Full Throttle Remastered Review
Back in 1995, LucasArts released the PC game Full Throttle. Designed by one of gaming’s great minds, Tim Schafer, the game was very well received and created a passionate base of fans (myself included). Since then, we’ve been desperately waiting for a sequel to no avail. Fortunately, Tim Schafer regained the rights for Full Throttle and now Double Fine Productions has given us fans a full remaster of this awesome game.
Full Throttle takes place many years in the future and follows the story of Ben, leader of the Polecats as he and his gang become entangled in a corporate scandal. Malcolm Corley, owner of the last domestic motorcycle company, Corley Motors, is near the end of his life. His business partner, Adrian Ripburger hopes to expedite his death and move Corley Motors in a new direction. Ripburger and his two goons, Nestor and Bolus, set a plan in motion to kill Malcolm Corley and frame the Polecats. It’s up to Ben to stop the evil shenanigans and save Corley Motors with the help of some unlikely individuals.
“Nowadays, a three to five hour game is sometimes a perfect treat for gamers looking for a quick fix on a weekend.”
Full Throttle is a point and click adventure. When you click on certain objects, you’ll be given a number of options (eyes, mouth, hand, foot) to action the object. Choose the wrong action with an object, and Ben will let you know. Along your journey you’ll also come across items you can use in different situations. For example, at one point you’ll need to siphon some gas from a security guards hovercraft – so you’ll need to collect a gas can and hose. You’ll place the can on the ground, the hose in the tank, and use the “mouth” option on the hose to suck out the gas. Full Throttle does a great job of spicing things up by adding a few non-point and click moments of gameplay. The most memorable of these types of moments are when you’re in control of your motorcycle and come across the occasional rival gang member where you’ll need to give them a few well placed punches to get them off of your road. One criticism of Full Throttle when it was originally released was the games length, which might take someone three to five hours to complete, depending on how fast you can solve the various puzzles. Nowadays, a three to five hour game is sometimes a perfect treat for gamers looking for a quick fix on a weekend.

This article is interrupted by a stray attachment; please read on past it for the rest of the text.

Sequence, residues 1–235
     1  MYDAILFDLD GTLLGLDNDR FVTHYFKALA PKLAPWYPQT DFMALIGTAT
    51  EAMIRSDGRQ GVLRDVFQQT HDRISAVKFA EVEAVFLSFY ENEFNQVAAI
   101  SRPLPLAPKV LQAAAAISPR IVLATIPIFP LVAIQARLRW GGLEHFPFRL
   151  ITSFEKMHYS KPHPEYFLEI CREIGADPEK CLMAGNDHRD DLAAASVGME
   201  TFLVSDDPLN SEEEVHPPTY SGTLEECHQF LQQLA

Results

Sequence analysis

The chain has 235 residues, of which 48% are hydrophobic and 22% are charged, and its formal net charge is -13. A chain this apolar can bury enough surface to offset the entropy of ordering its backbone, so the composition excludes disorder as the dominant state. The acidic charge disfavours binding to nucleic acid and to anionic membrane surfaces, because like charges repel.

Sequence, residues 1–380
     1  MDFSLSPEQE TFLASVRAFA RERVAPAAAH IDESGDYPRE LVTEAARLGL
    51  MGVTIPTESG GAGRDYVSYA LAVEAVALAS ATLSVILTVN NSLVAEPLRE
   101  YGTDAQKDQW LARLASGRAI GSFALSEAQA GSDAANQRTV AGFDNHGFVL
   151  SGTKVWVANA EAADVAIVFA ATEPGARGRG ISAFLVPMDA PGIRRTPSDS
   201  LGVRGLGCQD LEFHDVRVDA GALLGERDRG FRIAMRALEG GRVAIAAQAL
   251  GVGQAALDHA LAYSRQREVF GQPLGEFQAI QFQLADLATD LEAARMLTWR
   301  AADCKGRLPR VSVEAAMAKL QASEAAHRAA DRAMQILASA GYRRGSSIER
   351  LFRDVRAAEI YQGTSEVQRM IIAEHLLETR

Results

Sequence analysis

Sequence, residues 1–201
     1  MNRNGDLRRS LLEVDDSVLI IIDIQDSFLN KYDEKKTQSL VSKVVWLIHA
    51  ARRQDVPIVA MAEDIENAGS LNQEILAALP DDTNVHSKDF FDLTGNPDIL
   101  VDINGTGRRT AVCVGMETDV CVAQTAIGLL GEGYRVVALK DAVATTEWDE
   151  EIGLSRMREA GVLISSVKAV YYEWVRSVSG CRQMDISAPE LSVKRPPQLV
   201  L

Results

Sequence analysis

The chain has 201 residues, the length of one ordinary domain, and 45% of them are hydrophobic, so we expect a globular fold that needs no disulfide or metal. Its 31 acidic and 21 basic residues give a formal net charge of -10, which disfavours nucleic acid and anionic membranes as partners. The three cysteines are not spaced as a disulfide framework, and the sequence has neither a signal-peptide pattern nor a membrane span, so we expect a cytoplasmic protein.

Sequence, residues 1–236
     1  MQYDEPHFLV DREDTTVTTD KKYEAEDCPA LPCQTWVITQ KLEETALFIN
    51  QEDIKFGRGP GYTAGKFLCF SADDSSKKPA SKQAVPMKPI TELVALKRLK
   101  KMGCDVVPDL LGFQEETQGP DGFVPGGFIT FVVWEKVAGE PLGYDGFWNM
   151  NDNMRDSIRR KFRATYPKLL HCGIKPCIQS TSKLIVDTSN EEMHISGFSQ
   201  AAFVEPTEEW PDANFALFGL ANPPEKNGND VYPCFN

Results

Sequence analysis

Full Throttle Remastered retains the entire story from the original. In fact, with the press of a button, you can revert the game to the original look and sound – which is a great touch. I often found myself switching to the original look in most areas, just to recall what it looked like. The remastered visuals aren’t going to win any awards for best looking game this year, but it still looks great. The sound has received an upgrade as well, which is great considering the games soundtrack and cast (more on that later). The game has over 100 concept art pictures and a pretty substantial amount of audio commentary with many of the games key developers like Tim Schafer offering insights into the games development. The PC version, which we reviewed, offered full controller support – if for some strange reason you had the crazy idea of playing a point and click adventure with a controller. If I had my way, I would have liked to see some of the concept art, videos and maybe even a playable demo of Full Throttle’s two sequels that were both in development, but subsequently canceled. This would have given us a fans a more complete Full Throttle package.
“Full Throttle Remastered is the perfect opportunity for gamers who missed out on the original to play this piece of gaming history.”
Double Fine Productions remastered all the music and sounds (including the voice acting) for this remaster. Compared to the original, the voices sound more clear and the music sounds more full. In fact, I didn’t quite recognize one of the music tracks near the end of the game until I switched it to the original mode, which just shows how much some of the sound was sacrificed in the original release. The music in Full Throttle has stayed with me for the twenty plus years since it’s release. The soundtrack features some perfectly fitting tracks from San Francisco band The Gone Jackals (many of the tracks were taken from their album Bone to Pick). Needless to say, Full Throttle has always featured one of my favorite video game soundtracks, and the remaster is no different. The voice acting is nothing short of brilliant. Mark Hamill takes on the role of villian Adrian Ripburger – which has a slight “Joker” sound to it (which makes sense, as he’d started his role as Joker three years prior on Batman: The Animated Series). Roy Conrad provides a masterful performance as the rough, yet caring voice of Ben, the games protagonist.
Full Throttle Remastered is the perfect opportunity for gamers who missed out on the original to play this piece of gaming history. In my opinion, Full Throttle is one of the best point and click adventure games ever made. While some of the gameplay might feel dated to younger gamers, and the short length might turn a few people off – for everyone else looking for a fun adventure that’ll take no more than a rainy afternoon to play through, Full Throttle Remastered is an easy choice. It’s unlikely we’ll ever see a true Full Throttle sequel as Tim Schafer recently said that he felt the Full Throttle story was “complete” and unfortunately, Roy Conrad, who was the (irreplaceable) voice of protagonist Ben, died in 2002. So, for the time being, we’ll just have to settle for this brilliant remaster that gives us a fans a complete version of this amazing game.
***A PC review code was provided by the publisher***
- Faithful remaster of original game
- Excellent Soundtrack
- Great voice acting
- Cool story
- Probably still won’t get a sequel